As it completes its twentieth year of philanthropy, the Stavros Niarchos Foundation finds itself engaged on a wide front of vital activities worldwide. Given the unprecedented nature of some of the several issues they are meant to help address, these activities are of critical importance to the many men, women, and, especially children and young people they are meant to support. It often seems that daily events overtake, or at least exert tremendous pressure on, the ability of philanthropic organizations to plan their activities in a deliberate and measured manner. But the world is what it is, and philanthropy needs to respond to reality in as timely and effective a way as possible.

The continuing, and undiminished, economic and social crisis in Greece is a case in point. In 2012, the Foundation launched its first Initiative Against the Greek Crisis, contributing €100 million for that purpose. In 2015, after only two years and with the country still requiring massive support, we launched our second Initiative Against the Greek Crisis, which, again, will total €100 million through 2016. And we are also continuing with our Recharging the Youth Initiative against youth unemployment that we began in 2013. The various grant commitments in this unified program add up to a total of €100 million, as well. All in all, the Foundation’s overall commitment to help address the crisis, as it is manifested through these three initiatives, totals €300 million.

The ability of the world’s actuality to suddenly overturn the best-laid plans of individuals, organizations, and entire nations was demonstrated most conspicuously, and cruelly, in 2015 by the rapidity with which the refugee crisis stemming from the war in Syria overwhelmed Europe, and Greece in particular. As it monopolized international headlines, it also confronted our Foundation with an immediate challenge: to respond as quickly as we could to this humanitarian tragedy.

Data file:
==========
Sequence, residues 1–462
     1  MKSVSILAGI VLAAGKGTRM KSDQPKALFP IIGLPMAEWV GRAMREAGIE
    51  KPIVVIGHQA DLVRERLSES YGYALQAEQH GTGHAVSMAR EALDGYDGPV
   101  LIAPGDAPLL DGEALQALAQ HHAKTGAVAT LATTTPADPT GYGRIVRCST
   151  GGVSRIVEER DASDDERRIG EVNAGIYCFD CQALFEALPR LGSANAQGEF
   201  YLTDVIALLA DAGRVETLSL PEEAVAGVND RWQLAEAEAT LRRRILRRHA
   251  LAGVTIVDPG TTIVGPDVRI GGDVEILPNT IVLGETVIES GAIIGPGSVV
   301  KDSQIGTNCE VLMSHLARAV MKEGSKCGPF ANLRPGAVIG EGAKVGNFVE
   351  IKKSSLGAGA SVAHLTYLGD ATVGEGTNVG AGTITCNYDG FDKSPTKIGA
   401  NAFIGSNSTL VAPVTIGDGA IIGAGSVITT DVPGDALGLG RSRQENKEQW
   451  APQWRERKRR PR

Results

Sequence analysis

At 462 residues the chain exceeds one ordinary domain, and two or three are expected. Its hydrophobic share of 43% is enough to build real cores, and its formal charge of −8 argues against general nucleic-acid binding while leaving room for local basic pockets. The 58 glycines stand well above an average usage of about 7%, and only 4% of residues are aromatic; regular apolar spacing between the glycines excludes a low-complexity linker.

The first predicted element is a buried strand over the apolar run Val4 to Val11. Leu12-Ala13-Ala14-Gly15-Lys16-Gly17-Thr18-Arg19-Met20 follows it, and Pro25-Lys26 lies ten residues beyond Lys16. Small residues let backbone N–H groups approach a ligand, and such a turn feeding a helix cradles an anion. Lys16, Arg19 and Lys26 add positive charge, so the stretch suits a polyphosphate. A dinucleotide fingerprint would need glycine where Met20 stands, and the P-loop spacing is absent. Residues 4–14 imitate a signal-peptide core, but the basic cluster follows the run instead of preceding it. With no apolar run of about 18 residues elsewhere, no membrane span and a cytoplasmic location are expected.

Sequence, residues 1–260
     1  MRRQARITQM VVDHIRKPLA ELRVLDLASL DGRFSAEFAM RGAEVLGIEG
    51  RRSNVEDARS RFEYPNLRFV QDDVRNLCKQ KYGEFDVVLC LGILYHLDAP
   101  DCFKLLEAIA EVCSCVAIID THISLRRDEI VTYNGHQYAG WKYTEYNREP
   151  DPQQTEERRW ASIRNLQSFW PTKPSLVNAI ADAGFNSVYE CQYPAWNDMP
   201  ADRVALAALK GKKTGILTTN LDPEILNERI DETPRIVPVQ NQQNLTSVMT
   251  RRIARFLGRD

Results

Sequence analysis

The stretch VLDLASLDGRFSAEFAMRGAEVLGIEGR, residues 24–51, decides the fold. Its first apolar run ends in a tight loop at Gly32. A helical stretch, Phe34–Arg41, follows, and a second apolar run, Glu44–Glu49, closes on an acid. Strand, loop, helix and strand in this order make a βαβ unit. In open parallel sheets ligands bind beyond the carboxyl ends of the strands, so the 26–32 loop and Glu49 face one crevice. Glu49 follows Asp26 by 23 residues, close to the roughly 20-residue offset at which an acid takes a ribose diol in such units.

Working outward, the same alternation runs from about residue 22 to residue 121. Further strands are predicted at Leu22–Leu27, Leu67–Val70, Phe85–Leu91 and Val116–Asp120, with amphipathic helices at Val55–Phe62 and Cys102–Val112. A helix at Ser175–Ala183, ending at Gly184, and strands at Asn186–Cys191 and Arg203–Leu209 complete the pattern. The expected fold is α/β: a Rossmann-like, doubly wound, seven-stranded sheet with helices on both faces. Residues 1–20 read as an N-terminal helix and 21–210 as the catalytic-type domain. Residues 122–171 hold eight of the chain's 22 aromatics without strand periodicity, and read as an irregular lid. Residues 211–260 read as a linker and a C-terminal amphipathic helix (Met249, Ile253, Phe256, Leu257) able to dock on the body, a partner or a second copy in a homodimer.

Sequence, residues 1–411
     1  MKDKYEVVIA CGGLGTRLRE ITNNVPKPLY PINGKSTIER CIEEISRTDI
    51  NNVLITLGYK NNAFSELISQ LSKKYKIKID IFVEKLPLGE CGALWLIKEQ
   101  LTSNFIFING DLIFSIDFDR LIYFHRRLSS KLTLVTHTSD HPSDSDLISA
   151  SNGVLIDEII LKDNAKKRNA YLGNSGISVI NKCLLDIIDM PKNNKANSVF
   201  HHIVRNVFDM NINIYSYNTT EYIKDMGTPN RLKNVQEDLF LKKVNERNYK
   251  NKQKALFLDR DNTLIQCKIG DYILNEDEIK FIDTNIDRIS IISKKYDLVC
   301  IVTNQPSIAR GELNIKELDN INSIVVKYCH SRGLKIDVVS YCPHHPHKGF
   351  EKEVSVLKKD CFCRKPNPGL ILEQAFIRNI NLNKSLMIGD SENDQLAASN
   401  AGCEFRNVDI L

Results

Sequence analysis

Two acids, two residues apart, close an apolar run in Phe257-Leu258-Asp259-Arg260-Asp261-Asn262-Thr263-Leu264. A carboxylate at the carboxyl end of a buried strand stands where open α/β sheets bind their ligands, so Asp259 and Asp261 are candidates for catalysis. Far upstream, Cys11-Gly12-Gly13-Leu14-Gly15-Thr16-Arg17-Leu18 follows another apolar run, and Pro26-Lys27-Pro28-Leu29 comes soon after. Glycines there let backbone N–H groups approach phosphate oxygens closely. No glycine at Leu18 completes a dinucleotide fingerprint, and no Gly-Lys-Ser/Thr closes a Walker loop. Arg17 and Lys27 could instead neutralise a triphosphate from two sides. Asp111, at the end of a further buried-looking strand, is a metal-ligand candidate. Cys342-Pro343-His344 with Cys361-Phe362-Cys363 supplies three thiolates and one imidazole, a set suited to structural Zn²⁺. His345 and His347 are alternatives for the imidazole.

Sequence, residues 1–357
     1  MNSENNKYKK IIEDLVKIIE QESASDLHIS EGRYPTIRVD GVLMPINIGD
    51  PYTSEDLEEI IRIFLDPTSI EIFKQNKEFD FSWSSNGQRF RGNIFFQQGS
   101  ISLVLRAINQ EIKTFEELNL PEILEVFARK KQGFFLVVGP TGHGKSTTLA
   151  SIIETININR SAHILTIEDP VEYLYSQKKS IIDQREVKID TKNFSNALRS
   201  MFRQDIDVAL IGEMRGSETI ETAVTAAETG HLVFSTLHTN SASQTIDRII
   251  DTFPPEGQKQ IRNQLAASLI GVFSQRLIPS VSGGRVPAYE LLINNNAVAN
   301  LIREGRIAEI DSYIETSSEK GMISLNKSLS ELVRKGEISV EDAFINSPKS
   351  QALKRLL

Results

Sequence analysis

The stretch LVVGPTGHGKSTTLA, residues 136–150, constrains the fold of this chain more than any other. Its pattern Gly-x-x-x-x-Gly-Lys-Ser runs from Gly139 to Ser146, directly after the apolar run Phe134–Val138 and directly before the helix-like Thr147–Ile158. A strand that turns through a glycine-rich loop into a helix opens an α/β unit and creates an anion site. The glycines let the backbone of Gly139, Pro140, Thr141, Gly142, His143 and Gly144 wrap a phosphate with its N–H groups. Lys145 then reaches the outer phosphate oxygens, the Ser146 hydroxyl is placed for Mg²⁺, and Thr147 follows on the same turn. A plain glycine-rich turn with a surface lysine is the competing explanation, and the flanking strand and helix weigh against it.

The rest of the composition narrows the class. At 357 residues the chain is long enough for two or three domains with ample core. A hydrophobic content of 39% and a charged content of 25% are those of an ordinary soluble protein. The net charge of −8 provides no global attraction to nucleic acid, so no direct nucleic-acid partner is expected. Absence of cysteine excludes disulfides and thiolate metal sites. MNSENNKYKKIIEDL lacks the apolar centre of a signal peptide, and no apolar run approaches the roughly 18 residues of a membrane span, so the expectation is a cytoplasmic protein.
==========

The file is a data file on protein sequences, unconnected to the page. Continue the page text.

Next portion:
To that end, in September 2015, our Board made a grant totaling €750,000 to Doctors Without Borders Hellas and the International Rescue Committee in support of the two organizations’ response to this emergency in Greece; in addition, we also assisted other, smaller-scale initiatives in order to alleviate the suffering of refugees arriving in Greece. With the refugee crisis continuing unabated and reaching overwhelming levels, we responded by announcing, in December 2015, our second grant totaling  €1,000,000 to a number of organizations (Doctors Without Borders Hellas, United Nations High Commissioner for Refugees, Lifeguards Hellas, Starfish, EPIM) providing critical humanitarian services in the island of Lesvos. What has, of course, made the refugee crisis in Greece much more difficult than in the rest of Europe is that it is occurring at a time when Greece continues to suffer from its worst socioeconomic crisis since the Great Depression.